This Quebec Mosque Shooting Victim Saved Lives. Now People Want To Buy Him A New Home.

"I would rather have been paralyzed for life than to have fled and been left unscathed, without having done something to help people."

When a gunman entered a mosque in Quebec last January and began firing at worshippers, Aymen Derbali diverted the gunman's attention and potentially saved many lives. As a result of his heroic actions, Derbali was shot seven times and left and paralyzed from the shoulders down. Now, many of those who are grateful for his life-saving quick thinking are pitching in to buy Derbali a new home that will accommodate his disability.

After spending two months in a coma, Derbali has endured months of physically therapy and is still getting accustomed to his new life in a wheelchair as he continues to receive treatment in a medical center in Quebec. "I never knew what it felt like to get shot," he told The Globe and Mail. "Now I'm living in a body that feels like it's not mine. The last steps I took were in the mosque."

As for how he diverted the gunman's attention, likely saving lives? "I tried not to panic or flee," Derbali told the publication. "I tried to concentrate so that he wouldn't fire on others. I would rather have been paralyzed for life than to have fled and been left unscathed, without having done something to help people."

Still, despite his heroism, Derbali's actions remain largely uncelebrated and now he and his family must find a new place to live since their fourth-floor apartment can't accommodate the 41-year-old's wheelchair. Finding a new place to live is difficult under any circumstances, but it's especially hard since Derbali can no longer work and his wife is caring for the couple's three children.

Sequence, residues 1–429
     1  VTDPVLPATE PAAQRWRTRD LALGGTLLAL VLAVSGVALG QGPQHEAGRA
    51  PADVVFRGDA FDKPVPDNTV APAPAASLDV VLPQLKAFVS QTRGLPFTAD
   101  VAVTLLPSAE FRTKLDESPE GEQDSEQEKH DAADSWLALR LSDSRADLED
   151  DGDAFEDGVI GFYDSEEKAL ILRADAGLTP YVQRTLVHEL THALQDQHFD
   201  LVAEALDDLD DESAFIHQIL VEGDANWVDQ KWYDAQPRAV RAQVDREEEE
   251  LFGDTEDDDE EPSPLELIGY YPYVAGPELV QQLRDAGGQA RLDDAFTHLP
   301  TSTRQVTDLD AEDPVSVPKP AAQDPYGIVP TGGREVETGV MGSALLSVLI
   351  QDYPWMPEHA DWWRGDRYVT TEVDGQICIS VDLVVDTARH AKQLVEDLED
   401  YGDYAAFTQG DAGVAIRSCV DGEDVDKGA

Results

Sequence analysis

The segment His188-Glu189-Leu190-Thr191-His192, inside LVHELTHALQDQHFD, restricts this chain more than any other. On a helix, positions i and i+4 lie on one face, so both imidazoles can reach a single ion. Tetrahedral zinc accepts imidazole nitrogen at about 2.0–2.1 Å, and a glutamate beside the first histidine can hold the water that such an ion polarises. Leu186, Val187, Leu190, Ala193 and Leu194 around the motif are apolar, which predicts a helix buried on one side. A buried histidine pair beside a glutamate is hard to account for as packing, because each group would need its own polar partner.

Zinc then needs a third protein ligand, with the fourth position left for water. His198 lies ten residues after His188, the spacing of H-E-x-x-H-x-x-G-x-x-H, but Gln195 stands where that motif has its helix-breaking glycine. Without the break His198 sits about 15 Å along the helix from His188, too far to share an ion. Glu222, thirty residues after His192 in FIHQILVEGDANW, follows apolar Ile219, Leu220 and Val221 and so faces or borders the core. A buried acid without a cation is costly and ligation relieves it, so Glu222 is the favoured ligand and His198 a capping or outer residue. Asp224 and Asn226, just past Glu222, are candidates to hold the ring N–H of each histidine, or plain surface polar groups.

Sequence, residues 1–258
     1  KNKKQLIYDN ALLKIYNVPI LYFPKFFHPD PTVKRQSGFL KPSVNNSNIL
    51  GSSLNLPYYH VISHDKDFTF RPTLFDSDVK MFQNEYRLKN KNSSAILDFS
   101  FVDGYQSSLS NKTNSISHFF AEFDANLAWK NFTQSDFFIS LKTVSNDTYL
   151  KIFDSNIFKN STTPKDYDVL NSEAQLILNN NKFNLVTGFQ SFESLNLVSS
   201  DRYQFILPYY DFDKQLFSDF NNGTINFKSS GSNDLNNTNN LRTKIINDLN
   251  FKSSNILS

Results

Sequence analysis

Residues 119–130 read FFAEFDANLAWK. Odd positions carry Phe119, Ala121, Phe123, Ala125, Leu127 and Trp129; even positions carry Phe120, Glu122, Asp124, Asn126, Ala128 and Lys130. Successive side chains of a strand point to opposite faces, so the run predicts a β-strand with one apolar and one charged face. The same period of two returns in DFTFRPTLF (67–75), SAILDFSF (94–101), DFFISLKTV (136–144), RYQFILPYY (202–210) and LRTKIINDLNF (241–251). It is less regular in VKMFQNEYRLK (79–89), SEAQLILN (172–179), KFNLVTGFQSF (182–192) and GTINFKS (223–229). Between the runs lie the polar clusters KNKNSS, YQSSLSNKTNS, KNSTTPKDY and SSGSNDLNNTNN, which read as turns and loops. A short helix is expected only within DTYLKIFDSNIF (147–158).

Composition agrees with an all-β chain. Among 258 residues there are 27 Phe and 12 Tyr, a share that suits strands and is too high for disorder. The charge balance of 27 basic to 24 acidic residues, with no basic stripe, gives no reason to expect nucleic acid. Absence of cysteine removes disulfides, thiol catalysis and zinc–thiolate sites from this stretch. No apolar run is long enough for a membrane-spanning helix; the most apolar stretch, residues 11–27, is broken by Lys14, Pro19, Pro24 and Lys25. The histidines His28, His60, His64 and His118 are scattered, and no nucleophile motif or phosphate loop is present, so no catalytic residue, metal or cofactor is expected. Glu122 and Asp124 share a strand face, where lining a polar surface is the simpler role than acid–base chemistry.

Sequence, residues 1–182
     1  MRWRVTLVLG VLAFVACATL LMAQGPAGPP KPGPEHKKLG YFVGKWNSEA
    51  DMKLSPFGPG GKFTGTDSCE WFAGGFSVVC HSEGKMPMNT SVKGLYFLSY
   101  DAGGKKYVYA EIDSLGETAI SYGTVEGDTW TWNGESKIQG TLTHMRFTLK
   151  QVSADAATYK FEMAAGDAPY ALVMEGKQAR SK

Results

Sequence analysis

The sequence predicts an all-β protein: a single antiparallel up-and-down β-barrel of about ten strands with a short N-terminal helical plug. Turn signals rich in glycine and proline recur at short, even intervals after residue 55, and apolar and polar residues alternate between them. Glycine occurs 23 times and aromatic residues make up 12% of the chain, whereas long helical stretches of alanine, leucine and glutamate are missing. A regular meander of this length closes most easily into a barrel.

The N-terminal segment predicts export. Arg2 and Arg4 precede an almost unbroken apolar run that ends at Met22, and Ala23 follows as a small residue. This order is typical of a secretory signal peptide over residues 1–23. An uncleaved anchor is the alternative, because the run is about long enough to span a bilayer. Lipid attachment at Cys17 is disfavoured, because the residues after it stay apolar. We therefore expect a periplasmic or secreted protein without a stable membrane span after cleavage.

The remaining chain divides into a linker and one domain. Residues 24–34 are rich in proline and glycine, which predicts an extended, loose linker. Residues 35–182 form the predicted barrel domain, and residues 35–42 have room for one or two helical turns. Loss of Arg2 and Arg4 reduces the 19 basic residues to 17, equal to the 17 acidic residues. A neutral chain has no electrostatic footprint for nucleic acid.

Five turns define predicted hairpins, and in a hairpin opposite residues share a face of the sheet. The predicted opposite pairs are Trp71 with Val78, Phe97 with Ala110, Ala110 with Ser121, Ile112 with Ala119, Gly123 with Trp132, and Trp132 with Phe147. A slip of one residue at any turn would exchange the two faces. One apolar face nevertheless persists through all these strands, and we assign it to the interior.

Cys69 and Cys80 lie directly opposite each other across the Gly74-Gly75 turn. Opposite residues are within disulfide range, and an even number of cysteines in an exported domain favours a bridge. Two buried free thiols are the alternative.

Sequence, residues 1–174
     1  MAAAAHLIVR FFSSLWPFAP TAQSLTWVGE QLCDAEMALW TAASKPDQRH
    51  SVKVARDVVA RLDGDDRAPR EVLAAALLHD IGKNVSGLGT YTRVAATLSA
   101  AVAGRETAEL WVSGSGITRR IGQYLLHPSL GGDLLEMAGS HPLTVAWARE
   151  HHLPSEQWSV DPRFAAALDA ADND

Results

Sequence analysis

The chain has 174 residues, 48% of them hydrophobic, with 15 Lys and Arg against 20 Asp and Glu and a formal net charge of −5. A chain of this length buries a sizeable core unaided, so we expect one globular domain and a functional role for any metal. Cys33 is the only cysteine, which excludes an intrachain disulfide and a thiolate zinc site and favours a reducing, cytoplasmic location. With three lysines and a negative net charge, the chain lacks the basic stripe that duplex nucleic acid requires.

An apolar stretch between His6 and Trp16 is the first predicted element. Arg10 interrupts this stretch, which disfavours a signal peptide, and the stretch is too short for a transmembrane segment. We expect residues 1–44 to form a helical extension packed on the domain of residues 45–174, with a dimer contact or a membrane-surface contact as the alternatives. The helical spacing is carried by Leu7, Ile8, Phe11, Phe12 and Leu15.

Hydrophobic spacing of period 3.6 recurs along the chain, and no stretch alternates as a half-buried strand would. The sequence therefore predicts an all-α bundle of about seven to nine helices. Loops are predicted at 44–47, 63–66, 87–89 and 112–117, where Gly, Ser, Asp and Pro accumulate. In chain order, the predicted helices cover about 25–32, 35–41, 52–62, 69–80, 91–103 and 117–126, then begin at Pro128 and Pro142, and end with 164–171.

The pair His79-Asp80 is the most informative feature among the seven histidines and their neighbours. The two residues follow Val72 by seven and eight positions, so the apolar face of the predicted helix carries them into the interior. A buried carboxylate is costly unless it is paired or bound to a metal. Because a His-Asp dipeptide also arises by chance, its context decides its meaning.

With all of that in mind, those in Derbali's community have started a crowdfunding campaign in an effort to raise money to buy the family a new and suitable home. "He is a father of three and currently lives in an apartment that is inaccessible to his needs," the LaunchGood page says of Derbali. "He is only able to spend one day a week with his family because his home is inaccessible. With an accessible home, he will finally be able to come home to his wife and children."

Though a suitable home has been found, it still needs to be approved by Derbali's doctor.

So far, nearly $57,000 of the requested $400,000 CAD — the amount of money it will take to purchase the home and modify it accordingly — has been raised. "Aymen Derbali risked his life, to save lives," the page adds, asking for additional donations. "This was an act of faith and pure selflessness." 

According to BuzzFeed News, the fundraising effort was in part organized by Tariq Syed, who works with the Muslim organization, DawaNet, and has visited with Derbali and the community several times since the attack that took six lives. "He's in desperate need of a place where he can move in," Syed told the outlet of Derbali. "Once they discharge him, he will not have a place."

And while there is still plenty of money to be raised, Syed is confident the goal will be met. "One thing we learned is how Canadians come together when someone is in need," he explained to BuzzFeed. "It doesn't matter what faith background, what culture, what race they come from."

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